The Minoan Path: Walking with Ariadne's Tribe

Walk the sacred labyrinth with Ariadne, loving goddess of ancient Crete who lives on in the hearts and minds of the modern world. Modern Minoan Paganism is not a purely reconstructionist tradition, but a journey in relationship with Minoan deities in the contemporary world. Ariadne's thread reaches across the millennia to connect us with the divine. Will you follow where it leads?

To join the discussion about ancient Minoan civilization and Modern Minoan Paganism, head on over to our welcoming community at Ariadne's Tribe on Facebook.

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Laura Perry

Laura Perry

I'm an artist, writer, and lover of all things ancient and mysterious. The Minoans of Bronze Age Crete have been a particular passion of mine since a fateful art history class introduced me to the frescoes of Knossos back in high school. My first book was published in 2001; one of my most recent works is Labrys and Horns: An Introduction to Modern Minoan Paganism. I've also created a Minoan Tarot deck and a Minoan coloring book. When I'm not busy drawing and writing, I enjoy gardening and giving living history demonstrations at local historic sites.
Sacred Guardians: A Minoan-Themed Protection Spell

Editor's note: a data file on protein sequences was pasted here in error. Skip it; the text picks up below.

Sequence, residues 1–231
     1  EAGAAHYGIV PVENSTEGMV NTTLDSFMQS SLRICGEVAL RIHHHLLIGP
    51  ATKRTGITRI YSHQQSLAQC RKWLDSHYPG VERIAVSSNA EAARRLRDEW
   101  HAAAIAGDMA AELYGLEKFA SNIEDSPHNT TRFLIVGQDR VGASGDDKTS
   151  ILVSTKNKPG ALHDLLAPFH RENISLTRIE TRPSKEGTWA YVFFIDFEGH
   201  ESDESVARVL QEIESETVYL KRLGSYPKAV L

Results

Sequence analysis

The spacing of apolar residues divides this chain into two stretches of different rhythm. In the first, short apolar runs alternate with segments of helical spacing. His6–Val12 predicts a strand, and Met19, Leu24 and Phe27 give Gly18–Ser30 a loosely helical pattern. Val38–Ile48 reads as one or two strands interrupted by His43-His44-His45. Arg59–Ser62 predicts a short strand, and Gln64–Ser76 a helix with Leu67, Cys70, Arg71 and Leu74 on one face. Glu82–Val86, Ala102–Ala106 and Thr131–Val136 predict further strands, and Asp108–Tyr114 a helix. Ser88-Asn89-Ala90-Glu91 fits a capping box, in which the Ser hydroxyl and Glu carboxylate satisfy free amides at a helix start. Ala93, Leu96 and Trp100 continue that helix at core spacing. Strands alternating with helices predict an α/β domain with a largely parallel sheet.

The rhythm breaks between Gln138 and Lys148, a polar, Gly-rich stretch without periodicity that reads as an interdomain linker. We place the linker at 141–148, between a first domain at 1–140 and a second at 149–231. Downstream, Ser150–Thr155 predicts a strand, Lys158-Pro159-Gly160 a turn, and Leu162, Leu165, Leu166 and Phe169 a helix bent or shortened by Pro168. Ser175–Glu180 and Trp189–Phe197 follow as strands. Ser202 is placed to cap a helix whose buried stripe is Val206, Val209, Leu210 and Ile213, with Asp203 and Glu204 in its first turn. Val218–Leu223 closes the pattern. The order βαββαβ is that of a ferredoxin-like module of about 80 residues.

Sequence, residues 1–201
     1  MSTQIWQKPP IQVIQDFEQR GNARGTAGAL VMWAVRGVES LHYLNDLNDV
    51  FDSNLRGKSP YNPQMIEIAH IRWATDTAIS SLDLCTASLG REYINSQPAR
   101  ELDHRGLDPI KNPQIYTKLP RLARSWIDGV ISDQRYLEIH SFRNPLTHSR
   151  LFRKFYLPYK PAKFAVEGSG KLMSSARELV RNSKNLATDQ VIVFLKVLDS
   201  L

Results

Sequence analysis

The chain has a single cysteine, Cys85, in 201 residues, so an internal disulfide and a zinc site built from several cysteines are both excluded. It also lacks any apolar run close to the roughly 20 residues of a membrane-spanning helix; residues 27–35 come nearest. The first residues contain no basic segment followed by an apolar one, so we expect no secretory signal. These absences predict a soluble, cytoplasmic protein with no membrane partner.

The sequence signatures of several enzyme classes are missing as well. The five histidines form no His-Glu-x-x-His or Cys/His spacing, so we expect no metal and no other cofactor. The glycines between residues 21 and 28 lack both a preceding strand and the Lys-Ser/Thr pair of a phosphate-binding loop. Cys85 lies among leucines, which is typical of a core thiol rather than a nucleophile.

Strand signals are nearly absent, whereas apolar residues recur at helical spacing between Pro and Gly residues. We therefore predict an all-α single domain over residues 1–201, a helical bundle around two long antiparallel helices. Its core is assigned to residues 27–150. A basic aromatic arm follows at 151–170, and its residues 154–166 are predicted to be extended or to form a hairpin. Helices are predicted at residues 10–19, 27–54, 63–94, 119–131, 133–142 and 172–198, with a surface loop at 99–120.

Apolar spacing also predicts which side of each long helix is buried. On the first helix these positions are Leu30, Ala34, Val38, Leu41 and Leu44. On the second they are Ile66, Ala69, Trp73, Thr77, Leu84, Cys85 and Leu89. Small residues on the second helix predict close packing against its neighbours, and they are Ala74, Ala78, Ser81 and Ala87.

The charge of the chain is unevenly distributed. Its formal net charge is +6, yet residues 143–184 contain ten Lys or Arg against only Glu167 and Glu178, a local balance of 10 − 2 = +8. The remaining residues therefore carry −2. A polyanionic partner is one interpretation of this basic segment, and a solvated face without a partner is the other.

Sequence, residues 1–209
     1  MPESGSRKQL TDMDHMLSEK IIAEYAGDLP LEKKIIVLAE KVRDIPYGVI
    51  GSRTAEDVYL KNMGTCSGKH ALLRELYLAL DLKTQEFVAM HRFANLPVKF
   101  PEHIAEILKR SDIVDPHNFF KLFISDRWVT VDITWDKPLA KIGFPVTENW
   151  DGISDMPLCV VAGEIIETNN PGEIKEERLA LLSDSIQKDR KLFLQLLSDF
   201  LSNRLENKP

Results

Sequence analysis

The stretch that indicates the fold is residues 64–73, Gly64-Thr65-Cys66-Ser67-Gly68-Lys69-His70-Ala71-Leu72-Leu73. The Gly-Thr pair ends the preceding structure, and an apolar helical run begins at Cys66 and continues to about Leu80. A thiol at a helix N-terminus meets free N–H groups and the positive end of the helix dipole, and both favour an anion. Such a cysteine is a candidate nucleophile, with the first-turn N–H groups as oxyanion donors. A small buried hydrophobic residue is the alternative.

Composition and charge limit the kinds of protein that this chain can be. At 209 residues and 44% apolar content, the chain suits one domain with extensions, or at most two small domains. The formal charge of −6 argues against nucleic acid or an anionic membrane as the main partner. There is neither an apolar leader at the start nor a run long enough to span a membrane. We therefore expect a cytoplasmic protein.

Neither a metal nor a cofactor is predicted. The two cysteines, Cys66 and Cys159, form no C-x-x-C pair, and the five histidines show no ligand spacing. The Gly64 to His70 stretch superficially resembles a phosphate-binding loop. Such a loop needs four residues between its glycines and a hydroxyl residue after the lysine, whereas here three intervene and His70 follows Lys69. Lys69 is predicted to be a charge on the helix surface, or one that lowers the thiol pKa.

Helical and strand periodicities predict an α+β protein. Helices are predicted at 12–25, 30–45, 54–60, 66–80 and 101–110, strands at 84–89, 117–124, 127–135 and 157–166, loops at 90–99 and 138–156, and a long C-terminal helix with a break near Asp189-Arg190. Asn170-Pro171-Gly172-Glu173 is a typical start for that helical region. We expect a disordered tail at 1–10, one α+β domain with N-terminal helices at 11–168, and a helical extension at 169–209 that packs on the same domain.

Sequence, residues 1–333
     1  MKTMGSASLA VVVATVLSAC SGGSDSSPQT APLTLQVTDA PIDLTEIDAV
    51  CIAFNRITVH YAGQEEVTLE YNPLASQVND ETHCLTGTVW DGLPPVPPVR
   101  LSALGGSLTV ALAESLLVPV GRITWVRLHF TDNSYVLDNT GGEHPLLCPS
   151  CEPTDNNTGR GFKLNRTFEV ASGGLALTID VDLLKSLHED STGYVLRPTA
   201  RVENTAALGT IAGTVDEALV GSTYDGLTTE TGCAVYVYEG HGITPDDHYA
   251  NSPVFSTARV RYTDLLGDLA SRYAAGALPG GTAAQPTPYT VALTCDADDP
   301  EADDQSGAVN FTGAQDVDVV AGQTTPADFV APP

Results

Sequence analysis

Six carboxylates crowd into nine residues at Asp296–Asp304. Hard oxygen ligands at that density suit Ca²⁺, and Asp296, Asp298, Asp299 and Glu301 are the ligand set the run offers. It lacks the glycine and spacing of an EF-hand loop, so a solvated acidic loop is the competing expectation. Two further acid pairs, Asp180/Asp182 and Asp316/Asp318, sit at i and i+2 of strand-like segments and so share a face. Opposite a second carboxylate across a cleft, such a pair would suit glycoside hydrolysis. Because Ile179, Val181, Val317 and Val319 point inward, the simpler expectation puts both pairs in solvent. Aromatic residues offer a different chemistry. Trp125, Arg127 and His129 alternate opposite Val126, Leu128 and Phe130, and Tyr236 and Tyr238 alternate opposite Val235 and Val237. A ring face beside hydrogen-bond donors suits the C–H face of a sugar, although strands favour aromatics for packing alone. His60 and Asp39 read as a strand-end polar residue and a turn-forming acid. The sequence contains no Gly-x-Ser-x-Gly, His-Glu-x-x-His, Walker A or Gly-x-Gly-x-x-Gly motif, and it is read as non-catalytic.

Today I'm sharing a spell/ritual from the new second edition of my book Ancient Spellcraft. It calls on the power of the griffin, an ancient mythological creature of great power. We have recently rediscovered the Minoan sun goddess Therasia and come to realize that the griffins are hers. If you like, you can call on her directly as you perform this ceremony. I do recommend that you develop a relationship with any deity you call on for spells and rituals, since they're not cosmic vending machines (you put in an offering and out pops a goodie).

 

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The Melissae: A Bit of Minoan Honey

The Melissae are a bit of a mystery, of both the lowercase-m and capital-M variety. Today I'm sharing a roundup of what we know about these Minoan honey/bee goddesses/spirits, both from historical sources and via our shared numinous experiences in Ariadne's Tribe.

 

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By Land, Sea, and Sky: A Minoan ritual framework